By Sue Botos
Bad news, Gotham City. The real Batman and his superhero friends can be found in Rocky River and surrounding metropolises with alter egos ranging from teachers to high school students.
But these superheroes don’t use their powers to capture bad guys. They aren’t in the Justice League or the Avengers. They’re members of “Super Heroes to Kids in Ohio,” and their super strength is the ability to make an ill child smile.
The group was born in August 2010 when Batman, aka Rocky River Middle School science teacher Brian Chulik, was recovering in the Cleveland Clinic following surgery for a ruptured appendix.
“I was able to see some of the children hospitalized with serious illnesses. My friends Scott Smith and Jimmy Meyers were generous enough to return with me in costume to put some smiles on the faces of the kids recovering there,” said the comic book buff.
The trio, sometimes joined by other costumed friends, kept making their visits to the clinic. But when the “Batsignal” was spotted in the sky over Youngstown’s Boardman Center Middle School stadium in August, the superheroes answered the call.
Accompanied by Captain America, Wolverine, Spiderman, Batgirl and other friends, Batman met with 4-year-old Jayden Barber who, after beating one form of cancer, had been diagnosed with another, more rare type. One of his biggest wishes was to meet Batman, his favorite hero.
“With the cooperation of many people from the Youngstown community, we were able to put it all together for Jayden and his family,” Chulik remarked after the event. He added that Jayden is now in remission and received his wish to meet actor Christian Bale (Batman in “The Dark Knight Rises”), who spent the day with the family at Disneyland, picking up the tab.
But everyone knows that many superheroes have sidekicks, so Chulik approached Rocky River High School service learning teacher Kristen Kalinowski, whose class centers around what it takes to make a successful service project.
“I had two students volunteer for one trip. Then they did a couple more and talked about their experience,” said Kalinowski, who, along with Chulik, has been building a superhero wardrobe of costumes. “We’ve been getting so many requests,” she said.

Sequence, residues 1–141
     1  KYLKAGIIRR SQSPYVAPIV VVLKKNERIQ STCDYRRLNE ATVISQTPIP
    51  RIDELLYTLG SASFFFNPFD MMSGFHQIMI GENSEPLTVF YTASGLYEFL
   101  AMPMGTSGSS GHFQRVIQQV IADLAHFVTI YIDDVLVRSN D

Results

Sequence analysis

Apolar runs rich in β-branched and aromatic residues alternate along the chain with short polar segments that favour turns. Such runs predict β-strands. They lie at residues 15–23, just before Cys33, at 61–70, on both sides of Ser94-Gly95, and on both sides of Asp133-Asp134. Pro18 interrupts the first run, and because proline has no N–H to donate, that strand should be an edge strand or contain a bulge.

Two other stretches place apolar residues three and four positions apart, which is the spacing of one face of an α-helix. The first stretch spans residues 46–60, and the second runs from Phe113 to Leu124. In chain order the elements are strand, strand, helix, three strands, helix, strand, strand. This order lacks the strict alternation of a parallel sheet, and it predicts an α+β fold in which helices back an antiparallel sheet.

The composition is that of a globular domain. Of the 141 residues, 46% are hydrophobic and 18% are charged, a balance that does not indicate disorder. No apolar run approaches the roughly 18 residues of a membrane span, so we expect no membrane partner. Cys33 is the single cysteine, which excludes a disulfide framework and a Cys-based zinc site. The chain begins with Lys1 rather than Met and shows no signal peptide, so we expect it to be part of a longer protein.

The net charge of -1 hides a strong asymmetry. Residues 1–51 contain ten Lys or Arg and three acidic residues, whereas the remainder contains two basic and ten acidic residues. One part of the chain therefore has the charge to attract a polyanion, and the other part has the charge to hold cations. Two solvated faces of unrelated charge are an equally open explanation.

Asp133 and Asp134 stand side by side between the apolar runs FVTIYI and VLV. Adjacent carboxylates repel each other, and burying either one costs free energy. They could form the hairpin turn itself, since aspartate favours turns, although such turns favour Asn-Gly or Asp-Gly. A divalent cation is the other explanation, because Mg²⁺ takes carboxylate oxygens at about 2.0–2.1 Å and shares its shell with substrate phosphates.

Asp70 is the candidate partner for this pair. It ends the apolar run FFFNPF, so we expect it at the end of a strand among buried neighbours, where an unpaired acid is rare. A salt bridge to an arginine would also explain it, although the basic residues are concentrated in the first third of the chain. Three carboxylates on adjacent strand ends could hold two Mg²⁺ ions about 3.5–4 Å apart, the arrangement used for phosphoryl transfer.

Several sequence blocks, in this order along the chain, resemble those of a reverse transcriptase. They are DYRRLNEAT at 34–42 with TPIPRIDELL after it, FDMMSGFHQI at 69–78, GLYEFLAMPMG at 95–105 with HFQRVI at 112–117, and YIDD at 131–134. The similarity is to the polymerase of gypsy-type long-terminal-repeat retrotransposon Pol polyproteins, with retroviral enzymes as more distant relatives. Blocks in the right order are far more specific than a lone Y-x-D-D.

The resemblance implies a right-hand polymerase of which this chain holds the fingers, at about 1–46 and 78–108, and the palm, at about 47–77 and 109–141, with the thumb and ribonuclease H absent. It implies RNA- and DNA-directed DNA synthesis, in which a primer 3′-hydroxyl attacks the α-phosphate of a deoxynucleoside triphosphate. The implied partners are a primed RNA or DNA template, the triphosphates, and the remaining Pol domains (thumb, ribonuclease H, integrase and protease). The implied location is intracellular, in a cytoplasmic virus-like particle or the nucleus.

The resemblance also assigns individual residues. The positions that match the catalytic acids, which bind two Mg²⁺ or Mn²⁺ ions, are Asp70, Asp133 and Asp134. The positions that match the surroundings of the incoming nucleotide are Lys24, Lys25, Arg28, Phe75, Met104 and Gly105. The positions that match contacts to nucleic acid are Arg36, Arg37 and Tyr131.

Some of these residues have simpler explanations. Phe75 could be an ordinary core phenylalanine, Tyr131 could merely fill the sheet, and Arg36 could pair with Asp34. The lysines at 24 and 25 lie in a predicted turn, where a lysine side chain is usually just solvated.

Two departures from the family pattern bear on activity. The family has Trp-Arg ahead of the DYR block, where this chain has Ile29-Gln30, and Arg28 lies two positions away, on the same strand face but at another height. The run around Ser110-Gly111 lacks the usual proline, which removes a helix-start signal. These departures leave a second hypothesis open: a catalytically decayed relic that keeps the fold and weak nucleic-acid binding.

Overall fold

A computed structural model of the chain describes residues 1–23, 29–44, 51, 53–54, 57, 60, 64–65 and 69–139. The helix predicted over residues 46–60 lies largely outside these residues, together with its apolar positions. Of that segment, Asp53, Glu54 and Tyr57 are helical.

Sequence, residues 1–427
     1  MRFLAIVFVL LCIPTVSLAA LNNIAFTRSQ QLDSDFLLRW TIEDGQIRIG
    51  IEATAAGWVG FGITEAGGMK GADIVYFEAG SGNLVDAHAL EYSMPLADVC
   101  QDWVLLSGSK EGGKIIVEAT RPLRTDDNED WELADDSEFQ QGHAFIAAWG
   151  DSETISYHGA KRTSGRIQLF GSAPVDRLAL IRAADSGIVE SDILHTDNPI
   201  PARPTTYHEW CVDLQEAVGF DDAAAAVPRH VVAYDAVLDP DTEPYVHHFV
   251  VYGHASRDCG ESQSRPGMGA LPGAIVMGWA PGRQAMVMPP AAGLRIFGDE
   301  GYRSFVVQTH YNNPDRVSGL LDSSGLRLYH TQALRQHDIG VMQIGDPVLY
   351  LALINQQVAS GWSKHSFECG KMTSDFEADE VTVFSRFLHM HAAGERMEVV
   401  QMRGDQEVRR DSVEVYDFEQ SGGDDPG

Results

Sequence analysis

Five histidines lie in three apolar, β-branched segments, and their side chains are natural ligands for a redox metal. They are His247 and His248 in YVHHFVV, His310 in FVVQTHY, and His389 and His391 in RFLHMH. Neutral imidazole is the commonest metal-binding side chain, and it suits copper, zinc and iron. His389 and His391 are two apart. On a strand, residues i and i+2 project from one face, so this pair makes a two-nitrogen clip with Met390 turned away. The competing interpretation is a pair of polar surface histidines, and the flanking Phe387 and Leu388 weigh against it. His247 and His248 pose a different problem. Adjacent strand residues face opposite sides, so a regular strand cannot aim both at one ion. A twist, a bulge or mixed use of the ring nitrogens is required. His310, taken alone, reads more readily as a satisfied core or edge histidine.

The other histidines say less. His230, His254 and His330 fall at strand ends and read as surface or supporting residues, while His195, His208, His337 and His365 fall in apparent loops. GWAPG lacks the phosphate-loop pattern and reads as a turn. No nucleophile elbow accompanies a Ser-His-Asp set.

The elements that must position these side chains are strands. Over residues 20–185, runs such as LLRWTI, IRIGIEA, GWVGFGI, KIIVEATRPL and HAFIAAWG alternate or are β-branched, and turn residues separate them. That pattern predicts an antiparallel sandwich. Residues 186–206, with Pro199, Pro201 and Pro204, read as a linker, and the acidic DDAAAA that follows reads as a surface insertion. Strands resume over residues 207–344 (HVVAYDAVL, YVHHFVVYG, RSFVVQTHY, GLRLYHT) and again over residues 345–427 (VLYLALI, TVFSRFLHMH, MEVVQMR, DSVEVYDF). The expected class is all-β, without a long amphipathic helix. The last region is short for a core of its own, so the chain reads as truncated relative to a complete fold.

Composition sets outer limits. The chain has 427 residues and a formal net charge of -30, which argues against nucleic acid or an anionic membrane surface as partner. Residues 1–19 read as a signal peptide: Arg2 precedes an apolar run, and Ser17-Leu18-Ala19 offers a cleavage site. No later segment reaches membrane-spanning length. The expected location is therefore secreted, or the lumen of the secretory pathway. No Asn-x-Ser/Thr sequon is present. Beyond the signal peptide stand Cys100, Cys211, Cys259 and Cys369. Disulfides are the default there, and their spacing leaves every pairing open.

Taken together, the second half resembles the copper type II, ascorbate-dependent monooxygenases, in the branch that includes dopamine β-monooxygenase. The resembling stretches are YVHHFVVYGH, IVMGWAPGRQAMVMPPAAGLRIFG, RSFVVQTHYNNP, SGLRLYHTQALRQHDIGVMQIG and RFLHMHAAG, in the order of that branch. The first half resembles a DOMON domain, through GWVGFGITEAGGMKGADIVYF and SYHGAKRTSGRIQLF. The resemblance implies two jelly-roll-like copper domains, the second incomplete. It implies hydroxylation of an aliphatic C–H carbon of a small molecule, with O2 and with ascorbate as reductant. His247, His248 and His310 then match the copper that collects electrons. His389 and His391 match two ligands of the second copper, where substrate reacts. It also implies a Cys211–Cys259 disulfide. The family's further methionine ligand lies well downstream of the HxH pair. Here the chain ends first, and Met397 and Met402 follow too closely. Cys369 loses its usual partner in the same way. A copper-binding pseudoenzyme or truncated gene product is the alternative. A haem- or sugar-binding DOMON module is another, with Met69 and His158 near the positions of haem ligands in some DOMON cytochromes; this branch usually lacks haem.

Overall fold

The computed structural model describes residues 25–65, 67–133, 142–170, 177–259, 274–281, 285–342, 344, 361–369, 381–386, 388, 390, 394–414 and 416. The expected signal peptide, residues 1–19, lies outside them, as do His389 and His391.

While she had wanted to join in with the caped crusaders, Kalinowski said she let a student use her selected costume for a recent trip to the Cleveland Clinic Rehabilitation Center in Shaker Heights the day before Thanksgiving.
Kalinowski said that while more students would like to get involved, there is a limit due to the availability of costumes, which can cost upwards of $40. She said that she and Chulik have purchased the superhero wear themselves, but may be considering a fundraiser for more costumes.
The superheroing, said Kalinowski, counts toward required service hours for the service learning class. However, once bitten by the program, students find it fulfilling.
“It was a totally different experience than I expected,” recalled senior Annie Artiste, aka “The American Dream.” “When everyone walked in, all of their faces just lit up,” she added. She and “Supergirl” Lauren Rhinehalt made their first trip as superheroes during the pre-Thanksgiving Cleveland Clinic visit, and while they agreed that the experience was an emotional one, they would do it again in a flash.
“There was one girl there who didn’t speak English, and even she was happy and smiling,” Rhinehalt recalled. She said she became interested in participating in the program because of a little boy with a brain tumor who lived on her street. “I wanted to meet more kids like him,” she stated.
Artiste, who was drawn to the program by classmate Bobby Perez, said that even the older kids at the rehab center had their pictures taken with the superheroes.
Both Artiste and Rhinehalt, who plan to room together at Kent State University in the fall, plan on continuing their volunteerism in college.
“You had to hide your emotions,” said Rhinehalt of the superhero experience. “It was definitely tough, but knowing it made them (the children) happy made it worthwhile.”